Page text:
“You don’t sound deaf.” “How can you be deaf if you can’t even sign?” “Turn your hearing aids up! I can’t be bothered to repeat myself again.” “Never mind – it doesn’t matter.”
These are just some of the microaggressions fashion-brand founder Luke Christian had to deal with growing up, causing him to struggle with his deafness. “But as I’ve got older, I’ve realised it’s not about trying to fit in,” he reflects. “It’s about paving my own path, embracing who I am. Showing other deaf people there’s no right or wrong way of being deaf.”
That said, he continues to experience discrimination at the age of 29, including, shockingly, from other LGBTQ+s, on the dating scene.
“Dating as a deaf, gay man has certainly not been easy,” he explains. “I’ve been blocked straight away on apps when they have found out I’m deaf; told they’re not looking to date someone with ‘special needs; had people turn away from me in gay bars and clubs when l’ve approached them because they’ve noticed my hearing aids.
“I’ve been blocked straight away on apps when they have found out I’m deaf”
“Some have seen me being deaf as a ‘fetish’ and have a weird kink with it… Others have told me they feel the need to ‘take care of me’ because I’m deaf, to ‘wrap me up and protect me. Which always made me feel as though they see me as less than them. I tell myself, ‘It’s their loss!'”
That said, Luke’s journey to self-acceptance as queer was straightforward. “I feel I’ve always been ‘out’,” he explains. “My friends knew before I did. But I ‘officially* came out when I was 15 to my friends and sister: I was 16 when I told my parents. My family were at first surprised – I mean, my idol was Britney, so I can’t imagine why – but a few months after I came out, they told me that they were more surprised by the fact that they didn’t know the biggest thing about me. They felt they should’ve been in on this ‘secret’ of mine.”
At school, although he received “the odd comment” related to being gay, it was actually Luke’s deaf identity that led to cruelty from peers. It was a problem not automatically rectified by switching to a deaf boarding school. “I went to hearing schools from reception to Year 9 but always felt isolated – made to feel ‘odd’ because I was deaf,” he explains. “Halfway through Year 9, I went to a deaf boarding school, hoping I’d feel more included within the deaf world. But again, I was made to feel isolated because I didn’t know any British Sign Language [BSL] at the time, because I never grew up with it. I was always made to feel like an imposter.”
“Too deaf for the hearing world, too hearing for the deaf world”
Being told he was “too deaf for the hearing world, too hearing for the deaf world” led to feelings of confusion. At 13, he found solace in fashion. “I stumbled across an image of Kate Moss in a campaign. I was transfixed on the clothing: the way she appeared, everything. Ever since, my eyes were open to fashion. My passion grew.”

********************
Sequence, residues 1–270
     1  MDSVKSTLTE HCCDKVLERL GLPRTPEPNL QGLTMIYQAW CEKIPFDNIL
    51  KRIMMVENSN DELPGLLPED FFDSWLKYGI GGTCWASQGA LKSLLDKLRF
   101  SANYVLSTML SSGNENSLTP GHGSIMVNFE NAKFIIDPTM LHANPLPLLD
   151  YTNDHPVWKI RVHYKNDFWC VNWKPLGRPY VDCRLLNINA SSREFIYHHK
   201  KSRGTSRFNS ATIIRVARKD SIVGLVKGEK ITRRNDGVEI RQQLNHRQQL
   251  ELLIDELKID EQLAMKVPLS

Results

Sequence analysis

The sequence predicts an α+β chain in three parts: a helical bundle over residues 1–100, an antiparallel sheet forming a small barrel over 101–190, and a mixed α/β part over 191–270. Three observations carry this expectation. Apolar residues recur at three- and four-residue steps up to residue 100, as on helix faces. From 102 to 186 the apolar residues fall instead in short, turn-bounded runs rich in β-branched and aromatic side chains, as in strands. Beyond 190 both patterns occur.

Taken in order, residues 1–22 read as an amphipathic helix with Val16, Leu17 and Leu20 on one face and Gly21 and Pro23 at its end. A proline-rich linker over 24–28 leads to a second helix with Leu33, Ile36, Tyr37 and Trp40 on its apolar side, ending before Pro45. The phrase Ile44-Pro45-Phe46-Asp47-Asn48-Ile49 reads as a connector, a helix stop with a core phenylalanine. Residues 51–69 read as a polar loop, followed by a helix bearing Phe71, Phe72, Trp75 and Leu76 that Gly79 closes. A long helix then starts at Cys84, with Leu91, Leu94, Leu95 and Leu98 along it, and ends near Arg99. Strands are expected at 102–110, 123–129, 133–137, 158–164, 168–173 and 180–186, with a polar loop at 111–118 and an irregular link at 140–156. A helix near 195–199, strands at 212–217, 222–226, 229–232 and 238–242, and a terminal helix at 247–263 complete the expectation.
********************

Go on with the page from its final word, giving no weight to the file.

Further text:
In 2019, he founded DEAF IDENTITY, an online fashion brand aiming to empower deaf people and break down barriers and stigmas surrounding the deaf community. “I wanted to create a brand that felt fresh, modern and fun!” he explains. “Growing up, people joked and said: ‘My grandad wears hearing aids. Or: ‘I thought deaf people were OAPs?’ I felt passionate in trying to get rid of that stigma, to show deafness affects people of all ages.”
Luke’s designs, featuring illustrations of sign language on garments in muted, relaxing colours, have been worn by Billie Piper, Roman Kemp, Oti Mabuse, and more. “It was a pinch-me moment seeing Pixie Lott in my Comic Relief design,” he enthuses, although he’s just as excited when members of the public wear his clothes. “It feels surreal seeing tagged photos of people out and about wearing something I’ve created,” he says. “And the messages I receive on a weekly basis, of how the brands helped them with their own deaf identities… That’s what it’s all about.”
“Just never forget you’re not alone.”
His success has led to collaborations with an array of deaf organisations and charities, such as the LGBTQ+-focused Deaf Rainbow UK, plus household names like John Lewis. “I made history as their first deaf-owned business to have a pop-up during Deaf Awareness Week back in May 2021,” Luke says. Then there’s the music group KIDZ BOP: “I designed T-shirts for the kids to wear during Sign Language Week 2023 in their music videos, which was interpreted into BSL by a young deaf girl.”
Luke’s advice to LGBTQ+s struggling with deafness is ample proof of how deserving he is of this award at the 2023 Attitude Pride Awards, in association with Magnum. “Embrace who you are. Utilise the power of social media. Speaking from experience, it’s allowed me to connect with many others worldwide who are deaf and have had similar experiences.” He advises others to investigate “online resources and local deaf groups. Find out what LGBTQ+ deaf events are taking place; take advantage of the many videos out there, where you can learn British Sign Language for free. But always check to make sure they’re deaf or qualified to teach! Just never forget you’re not alone.”
The Attitude July/August issue is available to download and order in print now.